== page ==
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11.01.2008 0

An Historical Certainty

  • On: 11/14/2008 12:40:06
  • In: Economy
  • By Robert Romano

    “History has shown that the greater threat to economic prosperity is not too little government involvement in the market, it is too much government involvement in the market.”President George W. Bush, November 13th, 2008.

    Welcome to the corner level of Hell, Mr. President.

    Belatedly, President Bush yesterday delivered remarks in defense of free market principles at the Manhattan Institute, while simultaneously defending unprecedented market interventions by the U.S. and other governments throughout the world in the wake of what the President called a “global meltdown.”

    He said he’s usually a market-oriented kind of guy, but “not when I’m faced with the prospect of a global meltdown.” What he failed to say, but essentially implied, is that the meltdown is already here. And not he—nor any of the central bankers and planners throughout the world who are scrambling to prevent it from occurring—may be able to indeed avert it, despite all of the creativity in the world.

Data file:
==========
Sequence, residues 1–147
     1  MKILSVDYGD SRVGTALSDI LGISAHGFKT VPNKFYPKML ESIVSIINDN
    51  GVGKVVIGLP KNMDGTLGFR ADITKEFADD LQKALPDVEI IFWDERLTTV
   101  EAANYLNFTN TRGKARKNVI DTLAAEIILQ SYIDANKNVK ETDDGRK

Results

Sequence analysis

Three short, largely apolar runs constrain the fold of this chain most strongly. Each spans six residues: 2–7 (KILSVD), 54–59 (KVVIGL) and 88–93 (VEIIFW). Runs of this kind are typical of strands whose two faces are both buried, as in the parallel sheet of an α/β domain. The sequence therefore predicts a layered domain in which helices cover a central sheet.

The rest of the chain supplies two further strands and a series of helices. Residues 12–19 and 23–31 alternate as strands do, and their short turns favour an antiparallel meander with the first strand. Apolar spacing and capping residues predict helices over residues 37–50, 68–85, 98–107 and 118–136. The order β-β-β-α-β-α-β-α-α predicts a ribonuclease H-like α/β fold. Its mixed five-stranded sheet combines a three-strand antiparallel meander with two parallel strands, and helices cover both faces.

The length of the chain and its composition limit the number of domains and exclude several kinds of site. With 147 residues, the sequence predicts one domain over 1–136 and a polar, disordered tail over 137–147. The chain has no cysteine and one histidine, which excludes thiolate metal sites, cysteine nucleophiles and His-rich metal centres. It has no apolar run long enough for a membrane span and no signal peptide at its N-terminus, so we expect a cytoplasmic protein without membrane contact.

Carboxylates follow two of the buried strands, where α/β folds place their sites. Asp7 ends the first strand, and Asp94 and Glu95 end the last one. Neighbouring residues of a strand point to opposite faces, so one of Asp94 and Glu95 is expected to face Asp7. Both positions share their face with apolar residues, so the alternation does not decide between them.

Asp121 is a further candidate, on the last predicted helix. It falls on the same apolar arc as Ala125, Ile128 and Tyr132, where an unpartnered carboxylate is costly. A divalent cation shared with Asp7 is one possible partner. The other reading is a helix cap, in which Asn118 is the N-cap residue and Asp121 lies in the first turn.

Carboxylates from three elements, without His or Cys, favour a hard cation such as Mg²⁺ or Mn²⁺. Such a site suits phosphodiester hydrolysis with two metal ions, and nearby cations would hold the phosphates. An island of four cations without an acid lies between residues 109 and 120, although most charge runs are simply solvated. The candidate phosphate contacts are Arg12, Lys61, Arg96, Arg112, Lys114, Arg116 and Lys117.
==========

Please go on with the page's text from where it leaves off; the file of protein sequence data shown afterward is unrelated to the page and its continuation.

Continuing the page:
Nonetheless, world leaders are determined to thwart what they view as a worldwide economic and financial catastrophe.

    To be sure, a meltdown of the global economy would have severe consequences for regional economies, jobs, and individuals. This is a problem that was not created overnight, although it seemingly has come to the forefront rapidly. And it could and perhaps should be viewed in a macro-historical perspective, with the cycling of the rise and fall of civilizations.

    Persia. Alexandria. Rome. Constantinople. The Mongolian Empire. European colonialism. Fascism. The Soviet Empire. All these systems inevitably fell. And it appears all but an historical certainty that they will not be the last.

    These rises and falls perplex historians, economists, and leaders, who are determined not to share in the same fate. And certainly, free market capitalism—poisoned for more than a century by the market interventions that it now depends to limp along—appears poised on the brink of ruin. But this is deceiving.

    The President is right when he says that this “crisis was not a failure of the free market system.” He correctly points out that the mortgage industry in the U.S. was essentially government-run. The easy credit system combined with low interest rates were also government-created problems.